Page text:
Irish Council of Churches. Irish Inter-Church Meeting

Advent Blog Series: Resources for reflection and action on homelessness this Advent

Bishop Brendan Leahy





In six month a lot can change – study resource from

What is the meaning of home for us at this time?

Because of Covd–19 many of us have spent more time at home this year than we have in years. While occasionally muttering about Cabin fever with work and play, family and office merging too much into each other, nevertheless, if asked, most of us would readily respond – home is a gift. Yes, because for most people, despite the inevitable ups and downs of navigating family relationships, home conjures up notions of shelter and sanctuary, warmth and support, fond memories and feelings of belonging. The famous Irish proverb puts it well, “Níl aon tinteán mar do thinteán féin”, “there’s no place like home”. T.S. Eliot reminds us that “Home is where one starts from.”

This explains why there is so much upset this year as we head towards Christmas – where will be able to celebrate Christmas? Will our loved ones abroad be able to get home? Will we be able to visit each other’s homes? The fret is understandable – Christmas is the great celebration of home. It is the season when we recall how God made his home among us, choosing to live in the homely atmosphere of the love between Joseph and Mary. Though he experienced the hardship of migrancy, Jesus eventually knew years of peace in his home in Nazareth. We know too that for some time he made Peter’s home in Capernaum his missionary base in Galilee. And he enjoyed visiting and staying at the home of Martha, Mary and Lazarus. 

We all know that dreams and hopes alone don’t build a house or form a home. Bricks and mortar are needed. For too many of our sisters and brothers our broken housing system is depriving them of these basics that could provide them with a home they can call their own. Despite the positive legal measures put in place to protect those who were at risk of losing their home in the middle of the Covid–19 pandemic, the issue of homelessness on the island of Ireland has not gone away. Many of the measures have expired. Individuals and families live in the fear of homelessness. Each of is compelled to ask: what are we to make of this?

We know the parable of the Good Samaritan. Remember how only one person stopped to actually approach the man who was lying on the roadside and then do something about it. The others had good reasons to hurry on but the fact is they chose to ignore a suffering staring them in the face. If we place ourselves in the parable and in our mind’s eye imagine that injured man as representing homeless individuals and families who are lying helpless looking up at us, we can ask ourselves: how am I responding? Am I among those rushing onwards or stooping like the Good Samaritan to do something to help.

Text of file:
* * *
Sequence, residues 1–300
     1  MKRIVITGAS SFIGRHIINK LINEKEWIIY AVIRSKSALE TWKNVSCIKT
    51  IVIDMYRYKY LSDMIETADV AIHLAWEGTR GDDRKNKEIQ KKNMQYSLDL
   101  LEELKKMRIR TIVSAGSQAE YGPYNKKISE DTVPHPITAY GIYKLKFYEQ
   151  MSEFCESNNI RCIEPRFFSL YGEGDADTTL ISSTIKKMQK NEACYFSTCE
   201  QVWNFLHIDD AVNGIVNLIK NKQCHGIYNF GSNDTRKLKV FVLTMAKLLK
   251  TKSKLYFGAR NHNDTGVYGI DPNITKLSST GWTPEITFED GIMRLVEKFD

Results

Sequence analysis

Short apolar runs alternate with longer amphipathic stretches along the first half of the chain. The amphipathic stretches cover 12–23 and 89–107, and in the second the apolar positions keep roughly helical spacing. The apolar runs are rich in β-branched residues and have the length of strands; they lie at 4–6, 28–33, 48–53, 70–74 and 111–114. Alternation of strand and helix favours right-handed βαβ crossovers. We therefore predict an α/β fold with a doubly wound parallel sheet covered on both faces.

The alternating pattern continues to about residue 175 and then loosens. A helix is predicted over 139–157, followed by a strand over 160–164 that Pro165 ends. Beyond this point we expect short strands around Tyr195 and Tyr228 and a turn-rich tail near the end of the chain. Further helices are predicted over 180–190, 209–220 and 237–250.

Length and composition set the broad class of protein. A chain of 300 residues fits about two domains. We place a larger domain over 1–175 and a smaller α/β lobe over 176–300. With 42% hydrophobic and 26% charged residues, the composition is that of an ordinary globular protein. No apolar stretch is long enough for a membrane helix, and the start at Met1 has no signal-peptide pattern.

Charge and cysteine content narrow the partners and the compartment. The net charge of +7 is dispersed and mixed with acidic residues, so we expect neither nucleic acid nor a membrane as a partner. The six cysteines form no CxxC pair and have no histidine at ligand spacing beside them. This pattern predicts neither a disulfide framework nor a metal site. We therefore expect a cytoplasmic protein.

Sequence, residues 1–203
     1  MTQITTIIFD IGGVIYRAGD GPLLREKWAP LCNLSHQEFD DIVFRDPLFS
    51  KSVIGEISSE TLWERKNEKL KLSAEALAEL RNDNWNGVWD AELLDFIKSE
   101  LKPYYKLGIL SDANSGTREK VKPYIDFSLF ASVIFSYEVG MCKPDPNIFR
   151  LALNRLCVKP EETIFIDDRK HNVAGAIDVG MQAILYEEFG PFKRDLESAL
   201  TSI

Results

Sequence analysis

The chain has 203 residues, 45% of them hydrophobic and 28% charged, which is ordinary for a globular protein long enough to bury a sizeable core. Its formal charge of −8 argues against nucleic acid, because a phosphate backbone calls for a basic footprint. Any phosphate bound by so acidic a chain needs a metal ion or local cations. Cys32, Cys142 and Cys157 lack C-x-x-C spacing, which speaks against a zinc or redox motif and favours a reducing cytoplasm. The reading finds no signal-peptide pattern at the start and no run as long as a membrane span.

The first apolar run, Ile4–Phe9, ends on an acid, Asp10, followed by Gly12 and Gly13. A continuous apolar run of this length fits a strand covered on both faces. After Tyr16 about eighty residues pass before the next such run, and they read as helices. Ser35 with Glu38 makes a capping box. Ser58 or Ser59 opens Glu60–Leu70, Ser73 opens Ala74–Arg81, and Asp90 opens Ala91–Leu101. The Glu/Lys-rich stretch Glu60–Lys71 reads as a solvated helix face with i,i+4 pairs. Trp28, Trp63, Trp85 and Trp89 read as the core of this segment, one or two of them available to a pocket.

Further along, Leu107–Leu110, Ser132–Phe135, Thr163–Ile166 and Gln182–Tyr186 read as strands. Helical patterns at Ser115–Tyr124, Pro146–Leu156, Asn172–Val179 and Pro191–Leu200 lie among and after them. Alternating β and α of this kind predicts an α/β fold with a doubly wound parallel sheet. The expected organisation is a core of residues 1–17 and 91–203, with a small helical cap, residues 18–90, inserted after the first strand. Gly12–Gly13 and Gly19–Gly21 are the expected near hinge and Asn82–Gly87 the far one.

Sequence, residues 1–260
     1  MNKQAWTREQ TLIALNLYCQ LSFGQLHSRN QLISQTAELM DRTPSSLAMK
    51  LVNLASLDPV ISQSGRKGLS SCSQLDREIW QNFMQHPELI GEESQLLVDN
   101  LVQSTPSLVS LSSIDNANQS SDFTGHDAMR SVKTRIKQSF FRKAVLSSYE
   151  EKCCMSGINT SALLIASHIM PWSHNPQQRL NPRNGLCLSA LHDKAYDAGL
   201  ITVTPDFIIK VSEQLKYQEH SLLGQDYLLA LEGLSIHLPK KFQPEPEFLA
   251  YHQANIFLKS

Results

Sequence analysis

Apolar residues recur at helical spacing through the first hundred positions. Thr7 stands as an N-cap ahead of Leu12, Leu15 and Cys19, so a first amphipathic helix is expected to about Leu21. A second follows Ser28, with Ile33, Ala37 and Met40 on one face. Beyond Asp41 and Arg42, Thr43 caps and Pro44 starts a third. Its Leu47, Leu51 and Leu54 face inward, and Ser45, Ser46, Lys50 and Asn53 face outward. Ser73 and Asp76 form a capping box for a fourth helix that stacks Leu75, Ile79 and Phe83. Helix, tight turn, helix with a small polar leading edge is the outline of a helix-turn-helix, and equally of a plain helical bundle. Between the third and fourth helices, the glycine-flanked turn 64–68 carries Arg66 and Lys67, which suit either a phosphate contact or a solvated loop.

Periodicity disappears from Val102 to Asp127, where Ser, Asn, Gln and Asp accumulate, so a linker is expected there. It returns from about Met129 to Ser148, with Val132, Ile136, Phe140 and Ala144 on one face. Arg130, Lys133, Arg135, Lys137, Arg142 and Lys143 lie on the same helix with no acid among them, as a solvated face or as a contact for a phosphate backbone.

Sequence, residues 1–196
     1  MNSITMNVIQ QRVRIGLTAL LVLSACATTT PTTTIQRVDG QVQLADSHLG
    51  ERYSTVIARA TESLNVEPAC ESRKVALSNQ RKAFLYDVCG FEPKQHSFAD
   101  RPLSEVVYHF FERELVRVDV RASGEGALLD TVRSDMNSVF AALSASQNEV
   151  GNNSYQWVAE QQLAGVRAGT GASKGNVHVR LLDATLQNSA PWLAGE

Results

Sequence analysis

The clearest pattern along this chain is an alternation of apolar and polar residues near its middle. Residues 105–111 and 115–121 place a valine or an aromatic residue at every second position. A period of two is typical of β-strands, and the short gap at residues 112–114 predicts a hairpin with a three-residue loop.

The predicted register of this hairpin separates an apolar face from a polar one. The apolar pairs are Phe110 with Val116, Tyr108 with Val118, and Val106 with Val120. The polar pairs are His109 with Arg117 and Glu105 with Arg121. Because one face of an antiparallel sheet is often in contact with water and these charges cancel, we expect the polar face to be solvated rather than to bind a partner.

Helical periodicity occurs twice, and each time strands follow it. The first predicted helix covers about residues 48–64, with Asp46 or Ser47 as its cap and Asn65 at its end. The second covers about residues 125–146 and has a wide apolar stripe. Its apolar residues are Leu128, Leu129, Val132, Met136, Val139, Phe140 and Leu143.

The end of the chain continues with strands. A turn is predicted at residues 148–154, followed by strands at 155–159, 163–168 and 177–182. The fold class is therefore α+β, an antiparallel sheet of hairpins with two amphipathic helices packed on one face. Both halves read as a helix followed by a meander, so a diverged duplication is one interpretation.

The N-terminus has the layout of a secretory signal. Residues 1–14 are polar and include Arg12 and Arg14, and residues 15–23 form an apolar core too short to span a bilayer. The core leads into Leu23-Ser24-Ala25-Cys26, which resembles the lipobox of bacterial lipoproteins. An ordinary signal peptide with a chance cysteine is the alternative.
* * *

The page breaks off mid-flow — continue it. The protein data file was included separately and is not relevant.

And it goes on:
In his recent letter on social friendship and universal fraternity, Fratelli Tutti, Pope Francis takes up precisely this imaginary exercise of meditating on the parable of the Good Samaritan and offers his reply, “Now there are only two kinds of people: those who care for someone who is hurting and those who pass by; those who bend down to help and those who look the other way and hurry off. Here, all our distinctions, labels and masks fall away: it is the moment of truth. Will we bend down to touch and heal the wounds of others? Will we bend down and help another to get up? This is today’s challenge, and we should not be afraid to face it” (n.70). We need to face it not just as individuals but as communities and institutions and not just in a personal gesture of altruism but also in informing ourselves and promoting better socio–political policies.

Bishop Brendan Leahy is Bishop of Limerick and co–Chair of the Irish Inter–Church Meeting

The series of posts starting today on this blog wants to provide you with resources for reflection and action on the topic of homelessness. Different voices representing a number of organisations will help focus us on the scale of the issues including the personal and social impact involved. The blog inputs will also offer useful suggestions for study and civic engagement. Small church community gatherings will find them most helpful. There will be seven posts in all and they will be published on every Sunday and Wednesday in Advent. Please pass on the word to others about this initiative. May Advent be a grace–filled time for you. Further resources for churches on housing insecurity and homelessness can be found at